From Publishers Weekly
According to Siegel (Futurize Your Enterprise
), the semantic web, a more standardized version of today's Web where our data will be so precisely parsed as to make logical conclusions possible, will enable our online information to be stored in a personal online locker from birth, keeping all vital information such as addresses automatically updated and vastly streamlining how we do business. He posits that the semantic web will morph our current push oriented strategy, in which providers push products and services, to an individually customized pull economy. Using bowling as an example, Siegel explains that in the past, a bowler scored every game by hand; in the mid-1980s, many bowling alleys moved to pin-setting machines tied to computers that automatically calculated and displayed scores (pushing); in the future, he predicts, a bowler will enter any venue, bowl (possibly against players in other venues worldwide) and all the data will be collected and housed in a personal online locker along with statistics of past games (pulling). This thought-provoking read is sure to spark ideas about what it will take to succeed in tomorrow's marketplace. (Dec.)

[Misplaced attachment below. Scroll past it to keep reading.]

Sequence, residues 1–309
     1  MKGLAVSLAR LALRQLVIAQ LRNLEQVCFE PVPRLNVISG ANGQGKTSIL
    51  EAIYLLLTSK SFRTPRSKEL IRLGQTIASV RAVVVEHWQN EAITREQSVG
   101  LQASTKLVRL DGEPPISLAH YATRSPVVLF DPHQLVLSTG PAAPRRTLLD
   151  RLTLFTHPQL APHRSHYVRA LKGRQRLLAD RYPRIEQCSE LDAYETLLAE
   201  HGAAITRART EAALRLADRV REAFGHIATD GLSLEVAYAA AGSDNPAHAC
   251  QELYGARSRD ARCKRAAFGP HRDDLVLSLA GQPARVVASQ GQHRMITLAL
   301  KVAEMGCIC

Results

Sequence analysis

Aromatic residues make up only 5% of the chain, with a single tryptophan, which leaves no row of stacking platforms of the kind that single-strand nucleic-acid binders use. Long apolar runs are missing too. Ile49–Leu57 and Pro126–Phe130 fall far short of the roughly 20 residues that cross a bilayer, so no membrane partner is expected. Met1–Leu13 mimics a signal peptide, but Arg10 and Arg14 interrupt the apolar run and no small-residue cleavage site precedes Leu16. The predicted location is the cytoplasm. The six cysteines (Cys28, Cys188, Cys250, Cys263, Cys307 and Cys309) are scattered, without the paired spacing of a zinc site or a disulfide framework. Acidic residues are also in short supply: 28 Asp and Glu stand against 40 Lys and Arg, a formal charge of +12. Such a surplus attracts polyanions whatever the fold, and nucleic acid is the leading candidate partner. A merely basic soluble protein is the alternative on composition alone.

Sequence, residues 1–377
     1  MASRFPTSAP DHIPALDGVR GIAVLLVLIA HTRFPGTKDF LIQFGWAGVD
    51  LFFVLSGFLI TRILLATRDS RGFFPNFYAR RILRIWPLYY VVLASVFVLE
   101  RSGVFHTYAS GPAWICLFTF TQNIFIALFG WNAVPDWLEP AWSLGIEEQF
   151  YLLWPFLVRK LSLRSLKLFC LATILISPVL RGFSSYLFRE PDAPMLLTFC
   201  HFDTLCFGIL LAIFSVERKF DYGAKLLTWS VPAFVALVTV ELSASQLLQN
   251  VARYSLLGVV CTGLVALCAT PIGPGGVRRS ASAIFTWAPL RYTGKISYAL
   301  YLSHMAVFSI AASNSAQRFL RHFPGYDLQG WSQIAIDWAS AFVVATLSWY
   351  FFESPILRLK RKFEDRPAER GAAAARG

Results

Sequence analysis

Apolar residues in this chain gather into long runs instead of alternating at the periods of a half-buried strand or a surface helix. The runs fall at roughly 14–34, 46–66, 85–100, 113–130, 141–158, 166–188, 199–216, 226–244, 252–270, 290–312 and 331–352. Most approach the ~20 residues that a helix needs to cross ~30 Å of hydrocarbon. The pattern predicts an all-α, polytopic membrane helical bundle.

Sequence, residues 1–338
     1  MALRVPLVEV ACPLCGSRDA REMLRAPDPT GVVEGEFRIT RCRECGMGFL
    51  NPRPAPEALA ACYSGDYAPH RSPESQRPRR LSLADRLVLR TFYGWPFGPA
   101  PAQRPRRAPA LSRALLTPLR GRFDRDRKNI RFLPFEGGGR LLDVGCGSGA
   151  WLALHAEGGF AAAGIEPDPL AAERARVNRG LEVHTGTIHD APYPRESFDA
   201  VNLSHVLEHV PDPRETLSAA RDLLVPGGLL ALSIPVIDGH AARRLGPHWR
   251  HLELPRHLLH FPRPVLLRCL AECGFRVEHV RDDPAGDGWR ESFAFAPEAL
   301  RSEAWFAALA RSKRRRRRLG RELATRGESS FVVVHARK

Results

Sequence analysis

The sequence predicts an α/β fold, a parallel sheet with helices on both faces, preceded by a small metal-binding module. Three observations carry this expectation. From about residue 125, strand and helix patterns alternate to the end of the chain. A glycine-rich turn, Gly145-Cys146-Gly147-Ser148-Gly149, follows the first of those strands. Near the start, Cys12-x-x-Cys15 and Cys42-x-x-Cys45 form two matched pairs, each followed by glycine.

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Siegel was an early proponent of the Internet and started blogging in 1994, before the term was invented. He built some of the first Web sites and has been writing and lecturing about the Web since 1997. Always ahead of the curve, Siegel envisions the future of “smart computing” which will unfold over the next 10 years, where your data “follows you around” and is accessible from anywhere through the Web, predicting that hardware and operating systems will become obsolete as the Web itself becomes the computer. We’re already seeing a move in this direction with cell-phone data and the introduction of the Netbook; “smart chips” embedded in products now allow for more efficient tracking from manufacturing to distribution and retail. Next, these smart chips will be able to relay data to customers and repair facilities about part numbers, manufacturing date of the product, and much more. Some of the trends Siegel portends have a bit of a “future shock” quality to them, but he seems to want to shrug off the anxieties and focus instead on the possibilities. --David Siegfried